-- "Why has Global Sticks
, a manufacturer of wooden ice cream sticks, moving from Dalian, China to Thunder Bay, Ontario? It’s the kind of low margin manufacturing that is never supposed to come back after it leaves North America for cheaper labour abroad.
But wage costs are no longer everything they were cranked up to be. In today’s world of soaring energy costs, power rationing and export taxes on key commodities such as wood, wage gaps are less important. When the power goes off, it suddenly doesn’t matter if your labor is expensive. Factories don’t run on sweat alone."
-- "The Global Sticks factory will produce up to six billion food-grade wood sticks each year from northern white birch, a species that is underutilized by the forestry industry. The decision to relocate to North America came as a result of the recognition that manufacturing wooden sticks in China was going to become a much more difficult and expensive process given increasing fuel costs. With assistance from the province, Global Sticks will switch from sourcing products from China to manufacturing products at a new, state-of-the art facility in Thunder Bay that created 50 construction jobs. The new plant will employ 130 permanent workers and produce a variety of wooden sticks used for ice cream bars, corn dogs, tongue depressors for doctors and nurses, and paint paddles (see photo above)."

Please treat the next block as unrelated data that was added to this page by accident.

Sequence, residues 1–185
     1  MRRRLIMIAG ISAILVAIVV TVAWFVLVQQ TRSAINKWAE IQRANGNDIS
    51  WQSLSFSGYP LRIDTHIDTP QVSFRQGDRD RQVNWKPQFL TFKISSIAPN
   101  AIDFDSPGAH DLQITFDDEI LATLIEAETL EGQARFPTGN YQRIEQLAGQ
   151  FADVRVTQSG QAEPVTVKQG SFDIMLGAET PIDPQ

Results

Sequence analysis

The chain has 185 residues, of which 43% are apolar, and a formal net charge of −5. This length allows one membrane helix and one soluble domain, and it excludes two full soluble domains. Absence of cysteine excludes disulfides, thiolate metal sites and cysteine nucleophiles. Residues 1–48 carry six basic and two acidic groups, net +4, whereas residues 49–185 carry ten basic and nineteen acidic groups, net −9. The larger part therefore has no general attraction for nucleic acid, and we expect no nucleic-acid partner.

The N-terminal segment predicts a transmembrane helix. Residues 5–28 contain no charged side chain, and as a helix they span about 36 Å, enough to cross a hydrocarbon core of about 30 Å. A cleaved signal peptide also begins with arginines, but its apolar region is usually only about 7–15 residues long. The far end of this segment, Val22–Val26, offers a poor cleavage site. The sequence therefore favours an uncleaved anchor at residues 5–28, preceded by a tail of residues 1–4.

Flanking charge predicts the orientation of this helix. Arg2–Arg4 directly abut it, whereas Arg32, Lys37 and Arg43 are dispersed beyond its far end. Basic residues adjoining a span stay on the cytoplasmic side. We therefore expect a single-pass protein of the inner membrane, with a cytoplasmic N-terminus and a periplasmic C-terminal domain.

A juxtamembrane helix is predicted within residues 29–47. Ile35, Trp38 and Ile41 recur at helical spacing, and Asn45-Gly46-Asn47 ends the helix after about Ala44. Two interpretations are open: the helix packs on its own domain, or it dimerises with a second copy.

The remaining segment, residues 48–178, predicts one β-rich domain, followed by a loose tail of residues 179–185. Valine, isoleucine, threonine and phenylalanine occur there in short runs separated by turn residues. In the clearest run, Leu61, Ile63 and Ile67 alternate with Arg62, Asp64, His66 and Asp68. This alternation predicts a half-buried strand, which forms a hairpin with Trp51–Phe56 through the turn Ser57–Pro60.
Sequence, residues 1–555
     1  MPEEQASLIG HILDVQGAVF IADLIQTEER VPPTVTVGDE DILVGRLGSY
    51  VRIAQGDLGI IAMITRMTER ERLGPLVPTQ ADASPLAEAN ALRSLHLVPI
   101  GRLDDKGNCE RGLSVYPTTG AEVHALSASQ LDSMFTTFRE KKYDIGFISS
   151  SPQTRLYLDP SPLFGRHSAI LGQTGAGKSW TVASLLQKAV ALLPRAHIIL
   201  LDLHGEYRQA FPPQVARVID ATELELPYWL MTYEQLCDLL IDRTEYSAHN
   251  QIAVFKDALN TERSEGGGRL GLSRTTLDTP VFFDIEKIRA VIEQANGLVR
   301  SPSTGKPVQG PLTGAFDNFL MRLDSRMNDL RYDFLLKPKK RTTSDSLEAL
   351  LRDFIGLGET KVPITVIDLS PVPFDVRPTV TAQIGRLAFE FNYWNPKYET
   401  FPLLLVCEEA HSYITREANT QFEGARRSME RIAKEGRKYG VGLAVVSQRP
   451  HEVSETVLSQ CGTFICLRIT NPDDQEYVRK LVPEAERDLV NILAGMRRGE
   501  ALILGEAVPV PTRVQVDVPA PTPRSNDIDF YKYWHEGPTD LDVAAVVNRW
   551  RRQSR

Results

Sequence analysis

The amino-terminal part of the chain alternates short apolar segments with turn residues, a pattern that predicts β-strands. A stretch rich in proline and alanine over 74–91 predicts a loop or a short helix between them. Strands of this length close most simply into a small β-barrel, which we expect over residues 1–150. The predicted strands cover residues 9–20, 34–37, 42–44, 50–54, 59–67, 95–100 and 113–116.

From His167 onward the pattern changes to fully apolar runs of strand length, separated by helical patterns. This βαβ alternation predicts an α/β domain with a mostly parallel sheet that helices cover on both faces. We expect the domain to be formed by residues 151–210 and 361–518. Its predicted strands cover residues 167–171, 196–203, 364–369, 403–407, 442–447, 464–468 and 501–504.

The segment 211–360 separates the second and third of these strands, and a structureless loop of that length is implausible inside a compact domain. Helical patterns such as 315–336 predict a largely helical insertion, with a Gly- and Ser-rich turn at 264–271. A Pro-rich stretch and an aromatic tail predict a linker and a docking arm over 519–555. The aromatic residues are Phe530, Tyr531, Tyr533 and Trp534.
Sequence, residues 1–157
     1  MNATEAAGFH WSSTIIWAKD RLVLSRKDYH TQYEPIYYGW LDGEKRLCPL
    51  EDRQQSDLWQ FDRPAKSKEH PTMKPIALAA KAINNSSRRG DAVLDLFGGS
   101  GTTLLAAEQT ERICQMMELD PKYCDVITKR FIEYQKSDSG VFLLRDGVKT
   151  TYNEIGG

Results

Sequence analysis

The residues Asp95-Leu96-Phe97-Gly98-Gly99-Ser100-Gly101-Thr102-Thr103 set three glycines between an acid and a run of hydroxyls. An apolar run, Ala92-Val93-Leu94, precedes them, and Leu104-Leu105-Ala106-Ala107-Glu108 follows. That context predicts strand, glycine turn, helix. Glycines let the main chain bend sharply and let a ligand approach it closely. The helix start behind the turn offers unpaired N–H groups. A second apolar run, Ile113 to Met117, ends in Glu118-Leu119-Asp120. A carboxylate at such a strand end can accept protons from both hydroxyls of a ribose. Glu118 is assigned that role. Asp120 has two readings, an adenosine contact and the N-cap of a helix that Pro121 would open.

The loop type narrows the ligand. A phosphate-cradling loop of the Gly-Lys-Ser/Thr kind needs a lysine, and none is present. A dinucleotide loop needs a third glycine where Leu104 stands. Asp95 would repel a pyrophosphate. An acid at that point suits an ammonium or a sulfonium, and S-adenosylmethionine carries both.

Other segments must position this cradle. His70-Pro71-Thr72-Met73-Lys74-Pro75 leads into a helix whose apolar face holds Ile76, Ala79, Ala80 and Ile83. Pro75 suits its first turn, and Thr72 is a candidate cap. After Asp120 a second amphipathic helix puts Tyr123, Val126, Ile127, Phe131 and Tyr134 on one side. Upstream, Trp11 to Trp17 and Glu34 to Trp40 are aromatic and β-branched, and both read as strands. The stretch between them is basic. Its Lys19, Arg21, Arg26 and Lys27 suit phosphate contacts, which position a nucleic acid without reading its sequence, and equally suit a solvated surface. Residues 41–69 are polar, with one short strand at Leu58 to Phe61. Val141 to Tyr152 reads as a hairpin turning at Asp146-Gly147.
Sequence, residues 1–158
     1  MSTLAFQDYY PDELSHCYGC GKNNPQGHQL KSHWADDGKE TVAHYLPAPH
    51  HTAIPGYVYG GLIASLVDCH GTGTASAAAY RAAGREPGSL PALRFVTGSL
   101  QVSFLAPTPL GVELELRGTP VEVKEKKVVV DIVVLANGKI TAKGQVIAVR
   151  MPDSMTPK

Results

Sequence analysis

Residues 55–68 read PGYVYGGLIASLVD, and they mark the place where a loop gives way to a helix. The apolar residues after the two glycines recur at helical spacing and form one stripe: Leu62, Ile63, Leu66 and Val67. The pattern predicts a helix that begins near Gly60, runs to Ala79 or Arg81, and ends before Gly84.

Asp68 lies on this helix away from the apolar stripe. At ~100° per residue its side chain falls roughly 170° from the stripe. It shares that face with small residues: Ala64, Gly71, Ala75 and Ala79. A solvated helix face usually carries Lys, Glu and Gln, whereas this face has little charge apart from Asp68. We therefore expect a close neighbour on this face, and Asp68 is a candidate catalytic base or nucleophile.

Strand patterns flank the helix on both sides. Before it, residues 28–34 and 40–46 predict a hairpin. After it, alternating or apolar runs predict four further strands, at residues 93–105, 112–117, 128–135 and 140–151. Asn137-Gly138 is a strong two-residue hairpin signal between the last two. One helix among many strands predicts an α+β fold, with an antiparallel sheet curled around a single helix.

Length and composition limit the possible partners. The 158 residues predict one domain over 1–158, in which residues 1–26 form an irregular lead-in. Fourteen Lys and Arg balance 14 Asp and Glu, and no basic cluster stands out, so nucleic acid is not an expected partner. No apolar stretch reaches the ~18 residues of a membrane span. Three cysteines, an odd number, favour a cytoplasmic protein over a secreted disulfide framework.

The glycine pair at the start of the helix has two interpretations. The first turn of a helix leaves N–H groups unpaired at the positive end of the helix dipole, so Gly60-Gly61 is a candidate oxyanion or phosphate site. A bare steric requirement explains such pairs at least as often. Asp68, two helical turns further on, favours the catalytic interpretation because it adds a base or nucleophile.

MP: We can probably expect a lot more of this type of shift in manufacturing production from China back to Canada and the U.S. The Boston Consulting Group predicts that "Sometime around 2015, manufacturers will be indifferent between locating in America or China for production for consumption in America." Important factors include rising wages and prices in China, an appreciating yuan, and rising energy costs both for production in China and for shipping goods to North America.
HT: Brad Parkes